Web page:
Last week, a Pennsylvania judge turned down a widow's request to reverse her home's sale over the $6.30 she still owed in tax interest.
Eileen Battisti's house in Aliquippa was sold at tax auction in 2011, and she has since been fighting to remain in the western Pennsylvania home.
However, Beaver County Common Pleas Judge Gus Kwidis ruled that Battisti had ample time and notice to pay her debt before the $280,000 home was sold. In his decision, he wrote that the Beaver County Assessment Office-Tax Claim Bureau followed state guidelines in informing her of the impending sale.
"There is no doubt that [she] had actual receipt of the notification of the tax upset sale on July 7, 2011, and Aug. 16, 2011," Judge Kwidis wrote.
"Moreover, on Aug. 12, 2011, a notice of sale was sent by first class mail and was not returned."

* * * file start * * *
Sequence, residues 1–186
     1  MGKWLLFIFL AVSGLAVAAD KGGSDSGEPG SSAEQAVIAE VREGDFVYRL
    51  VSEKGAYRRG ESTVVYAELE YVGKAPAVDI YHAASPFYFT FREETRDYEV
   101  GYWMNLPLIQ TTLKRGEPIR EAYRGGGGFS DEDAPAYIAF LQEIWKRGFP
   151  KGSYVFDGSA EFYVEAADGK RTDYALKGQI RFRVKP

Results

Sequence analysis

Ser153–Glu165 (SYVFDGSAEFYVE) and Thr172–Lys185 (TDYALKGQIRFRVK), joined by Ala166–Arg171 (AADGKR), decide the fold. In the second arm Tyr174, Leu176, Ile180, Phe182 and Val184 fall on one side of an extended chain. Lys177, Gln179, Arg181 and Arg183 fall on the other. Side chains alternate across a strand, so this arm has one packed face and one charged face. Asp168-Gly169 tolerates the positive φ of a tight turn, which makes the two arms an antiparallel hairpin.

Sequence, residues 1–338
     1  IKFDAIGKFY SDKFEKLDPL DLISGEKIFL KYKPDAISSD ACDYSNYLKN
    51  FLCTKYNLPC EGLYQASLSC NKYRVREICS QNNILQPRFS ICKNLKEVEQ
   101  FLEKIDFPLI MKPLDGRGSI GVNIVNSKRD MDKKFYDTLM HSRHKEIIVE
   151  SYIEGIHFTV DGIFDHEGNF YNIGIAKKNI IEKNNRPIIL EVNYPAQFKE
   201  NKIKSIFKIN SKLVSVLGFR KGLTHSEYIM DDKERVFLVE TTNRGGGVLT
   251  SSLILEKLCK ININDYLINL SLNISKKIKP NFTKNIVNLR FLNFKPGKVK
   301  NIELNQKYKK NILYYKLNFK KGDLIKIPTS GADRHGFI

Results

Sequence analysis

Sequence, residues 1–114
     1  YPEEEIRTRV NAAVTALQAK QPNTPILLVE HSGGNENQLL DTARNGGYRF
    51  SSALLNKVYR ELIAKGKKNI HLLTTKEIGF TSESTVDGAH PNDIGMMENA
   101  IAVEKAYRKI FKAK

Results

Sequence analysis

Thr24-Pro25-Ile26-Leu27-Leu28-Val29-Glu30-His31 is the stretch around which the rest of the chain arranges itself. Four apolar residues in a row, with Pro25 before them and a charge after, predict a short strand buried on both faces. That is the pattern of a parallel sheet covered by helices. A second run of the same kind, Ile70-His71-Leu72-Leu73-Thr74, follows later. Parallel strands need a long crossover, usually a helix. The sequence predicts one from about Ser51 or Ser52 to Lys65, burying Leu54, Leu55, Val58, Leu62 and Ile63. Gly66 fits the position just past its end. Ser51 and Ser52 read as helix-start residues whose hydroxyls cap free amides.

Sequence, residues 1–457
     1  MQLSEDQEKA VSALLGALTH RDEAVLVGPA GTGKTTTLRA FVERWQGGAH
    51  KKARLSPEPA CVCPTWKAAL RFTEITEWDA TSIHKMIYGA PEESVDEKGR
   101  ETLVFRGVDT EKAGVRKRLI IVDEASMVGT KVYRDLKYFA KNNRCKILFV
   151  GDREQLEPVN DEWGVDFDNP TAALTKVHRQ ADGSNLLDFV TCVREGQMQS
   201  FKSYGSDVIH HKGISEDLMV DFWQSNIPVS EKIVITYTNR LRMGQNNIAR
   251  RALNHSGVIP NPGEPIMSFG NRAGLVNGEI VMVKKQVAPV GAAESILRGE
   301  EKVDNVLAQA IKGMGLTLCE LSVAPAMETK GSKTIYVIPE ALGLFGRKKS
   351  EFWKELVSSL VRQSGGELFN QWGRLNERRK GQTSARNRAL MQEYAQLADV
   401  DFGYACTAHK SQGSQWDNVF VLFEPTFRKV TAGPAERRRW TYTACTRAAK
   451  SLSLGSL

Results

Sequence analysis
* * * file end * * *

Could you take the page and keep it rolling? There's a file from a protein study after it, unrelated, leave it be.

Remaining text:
At the time of the auction, Battisti owed $235 in interest and fees, and paid $228.70.
She maintained that she thought her debt was paid.
"I paid everything, and didn't know about the $6.30," she told Fox News. "For the house to be sold just because of $6.30 is crazy."
Battisti also told reporters that her husband, who passed away in 2004, was the one who handled the property taxes.
Beaver County Chief Solicitor Joe Askar said that the whole situation is unfortunate.
"It's bad— she had some hard times, I guess her husband kind of took care of a lot of that stuff," Askar told Fox News.
"It seemed that she was having a hard time coping with the loss of her husband— that just made it set in a little more."
Askar also said, however, that Judge Kwidis' decision was correct under the law.
"The county never wants to see anybody lose their home, but at the same time the tax sale law, the tax real estate law, doesn't give a whole lot of room for error, either," he said.
Battisti, who still lives in the home, plans to appeal the ruling.